Here is here Mark Rippetoe coaching the low bar squat.  Although the lifter’s thighs are not always parallel, you sure have to appreciate his effort :

 

Deadlifts

The Deadlift puts fear into beginning lifters when it really shouldn’t because it is quite safe when done correctly.  The Deadlift, like the Squat, is also sometimes called the king of lifts because a set of heavy Deads hits all the muscles of the body and usually (but not always), a lifter can pick up much more weight in a Deadlift than they can Squat.

The Deadlift is classified as a pulling exercise.  The barbell and plates rest on the floor.  In the Conventional Deadlift, your feet are about shoulder width apart.  You arch your back and with a combination crouching, bending over motion (remember to keep back arched), you grasp the bar with both hands a little more than shoulder width apart and pull upwards to a standing position.  The Deadlift will hit every muscle in your body.  Lifters usually feel it in their grip, traps and the posterior chain.  The posterior chain is every muscle grouping in the back of your body from including but limited to heels, calves, hamstrings, lower back, middle and upper back, traps and neck.  After you get quite strong doing them, you probably shouldn’t do them more often than once every week or two because they put a terrific strain on your central nervous system.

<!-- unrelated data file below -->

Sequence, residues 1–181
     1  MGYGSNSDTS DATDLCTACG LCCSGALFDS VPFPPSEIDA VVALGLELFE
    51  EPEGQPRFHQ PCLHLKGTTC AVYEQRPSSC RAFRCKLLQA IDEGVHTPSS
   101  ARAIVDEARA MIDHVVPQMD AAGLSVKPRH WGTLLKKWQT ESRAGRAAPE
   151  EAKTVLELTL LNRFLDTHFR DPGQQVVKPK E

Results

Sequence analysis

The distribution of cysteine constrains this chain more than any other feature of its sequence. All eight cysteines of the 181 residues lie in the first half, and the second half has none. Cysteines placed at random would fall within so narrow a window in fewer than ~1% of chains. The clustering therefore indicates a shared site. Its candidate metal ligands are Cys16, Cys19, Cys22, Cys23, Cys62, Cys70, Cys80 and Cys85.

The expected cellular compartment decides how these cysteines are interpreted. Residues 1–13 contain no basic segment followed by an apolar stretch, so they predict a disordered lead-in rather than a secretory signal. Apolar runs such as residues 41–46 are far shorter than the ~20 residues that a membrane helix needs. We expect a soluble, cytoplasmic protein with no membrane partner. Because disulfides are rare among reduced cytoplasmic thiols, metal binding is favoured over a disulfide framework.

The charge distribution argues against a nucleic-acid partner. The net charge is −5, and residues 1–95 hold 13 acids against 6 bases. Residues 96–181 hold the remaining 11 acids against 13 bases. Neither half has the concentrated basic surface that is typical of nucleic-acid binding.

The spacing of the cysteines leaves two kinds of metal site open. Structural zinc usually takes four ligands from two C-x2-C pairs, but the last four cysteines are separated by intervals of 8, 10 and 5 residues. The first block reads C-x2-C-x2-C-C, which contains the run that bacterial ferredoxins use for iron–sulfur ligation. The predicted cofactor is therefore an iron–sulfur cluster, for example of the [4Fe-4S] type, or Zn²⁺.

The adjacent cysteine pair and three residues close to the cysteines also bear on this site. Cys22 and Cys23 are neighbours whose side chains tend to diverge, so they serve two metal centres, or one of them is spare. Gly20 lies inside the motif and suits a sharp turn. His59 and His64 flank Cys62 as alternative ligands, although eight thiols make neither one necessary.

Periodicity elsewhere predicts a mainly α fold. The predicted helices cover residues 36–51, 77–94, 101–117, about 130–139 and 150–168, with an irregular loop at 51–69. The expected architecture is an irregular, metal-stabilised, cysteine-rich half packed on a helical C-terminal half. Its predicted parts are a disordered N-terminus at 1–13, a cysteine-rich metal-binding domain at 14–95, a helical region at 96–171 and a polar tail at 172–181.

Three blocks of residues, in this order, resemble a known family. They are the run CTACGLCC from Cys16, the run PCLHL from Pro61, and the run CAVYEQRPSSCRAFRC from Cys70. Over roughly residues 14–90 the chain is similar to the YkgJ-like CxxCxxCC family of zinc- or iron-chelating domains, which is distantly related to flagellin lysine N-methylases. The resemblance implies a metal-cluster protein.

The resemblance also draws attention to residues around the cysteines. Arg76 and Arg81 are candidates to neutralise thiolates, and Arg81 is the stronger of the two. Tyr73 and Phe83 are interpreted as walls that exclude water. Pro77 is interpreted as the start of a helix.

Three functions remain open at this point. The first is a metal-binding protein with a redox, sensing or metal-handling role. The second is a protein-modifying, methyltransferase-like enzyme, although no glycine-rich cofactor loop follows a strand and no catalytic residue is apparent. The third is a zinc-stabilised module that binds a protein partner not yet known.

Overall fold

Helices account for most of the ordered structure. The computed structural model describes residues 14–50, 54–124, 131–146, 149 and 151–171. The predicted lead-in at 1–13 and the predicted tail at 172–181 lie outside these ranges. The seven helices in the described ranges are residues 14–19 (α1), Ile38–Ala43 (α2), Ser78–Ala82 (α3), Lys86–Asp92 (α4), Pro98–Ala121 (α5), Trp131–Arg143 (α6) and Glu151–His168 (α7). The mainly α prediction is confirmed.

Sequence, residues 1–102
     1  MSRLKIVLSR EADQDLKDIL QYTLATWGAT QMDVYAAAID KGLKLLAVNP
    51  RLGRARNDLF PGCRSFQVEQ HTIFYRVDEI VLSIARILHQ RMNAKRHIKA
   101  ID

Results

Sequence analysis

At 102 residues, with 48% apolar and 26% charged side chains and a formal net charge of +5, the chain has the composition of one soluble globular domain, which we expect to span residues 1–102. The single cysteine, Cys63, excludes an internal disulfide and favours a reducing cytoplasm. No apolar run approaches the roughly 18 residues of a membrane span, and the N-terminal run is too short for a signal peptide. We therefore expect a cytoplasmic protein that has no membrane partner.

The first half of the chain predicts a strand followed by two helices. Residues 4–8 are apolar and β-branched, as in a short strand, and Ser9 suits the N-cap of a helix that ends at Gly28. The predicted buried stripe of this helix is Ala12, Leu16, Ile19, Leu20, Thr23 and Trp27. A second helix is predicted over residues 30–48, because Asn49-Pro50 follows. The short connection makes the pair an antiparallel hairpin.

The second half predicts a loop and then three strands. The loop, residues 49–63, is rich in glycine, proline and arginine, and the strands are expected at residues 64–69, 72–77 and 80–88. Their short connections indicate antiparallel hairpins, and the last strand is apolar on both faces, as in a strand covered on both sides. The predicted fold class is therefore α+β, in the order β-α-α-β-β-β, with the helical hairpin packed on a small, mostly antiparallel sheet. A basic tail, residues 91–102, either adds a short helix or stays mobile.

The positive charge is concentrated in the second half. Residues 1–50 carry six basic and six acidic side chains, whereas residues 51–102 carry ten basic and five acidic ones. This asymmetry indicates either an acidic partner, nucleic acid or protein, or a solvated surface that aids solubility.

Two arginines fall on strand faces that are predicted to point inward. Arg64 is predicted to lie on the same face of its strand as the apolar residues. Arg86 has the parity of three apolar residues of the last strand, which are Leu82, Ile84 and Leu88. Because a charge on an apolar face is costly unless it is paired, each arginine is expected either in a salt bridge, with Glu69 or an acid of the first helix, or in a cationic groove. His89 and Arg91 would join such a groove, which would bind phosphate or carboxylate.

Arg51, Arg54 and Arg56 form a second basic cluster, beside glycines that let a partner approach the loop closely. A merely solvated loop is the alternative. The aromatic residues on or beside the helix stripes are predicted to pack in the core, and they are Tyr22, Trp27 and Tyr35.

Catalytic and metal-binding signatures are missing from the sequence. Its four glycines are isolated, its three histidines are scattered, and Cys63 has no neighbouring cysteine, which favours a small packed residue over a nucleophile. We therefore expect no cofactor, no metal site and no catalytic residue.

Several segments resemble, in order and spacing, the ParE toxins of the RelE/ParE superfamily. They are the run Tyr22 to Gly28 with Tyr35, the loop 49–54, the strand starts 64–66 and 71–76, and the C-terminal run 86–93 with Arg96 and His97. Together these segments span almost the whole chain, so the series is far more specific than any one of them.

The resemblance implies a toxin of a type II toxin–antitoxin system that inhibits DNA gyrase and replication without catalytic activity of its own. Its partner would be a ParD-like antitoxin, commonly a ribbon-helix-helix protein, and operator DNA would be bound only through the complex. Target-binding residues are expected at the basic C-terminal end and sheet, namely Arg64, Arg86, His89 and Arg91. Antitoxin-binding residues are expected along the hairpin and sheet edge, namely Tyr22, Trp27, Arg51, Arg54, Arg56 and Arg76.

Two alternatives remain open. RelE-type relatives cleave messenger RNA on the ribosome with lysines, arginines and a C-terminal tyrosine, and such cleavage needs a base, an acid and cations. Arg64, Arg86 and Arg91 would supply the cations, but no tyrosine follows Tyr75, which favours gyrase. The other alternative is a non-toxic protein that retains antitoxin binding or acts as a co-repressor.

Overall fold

Here is Dave Tate demonstrating proper Deadlift technique:

 

Flat Bench Press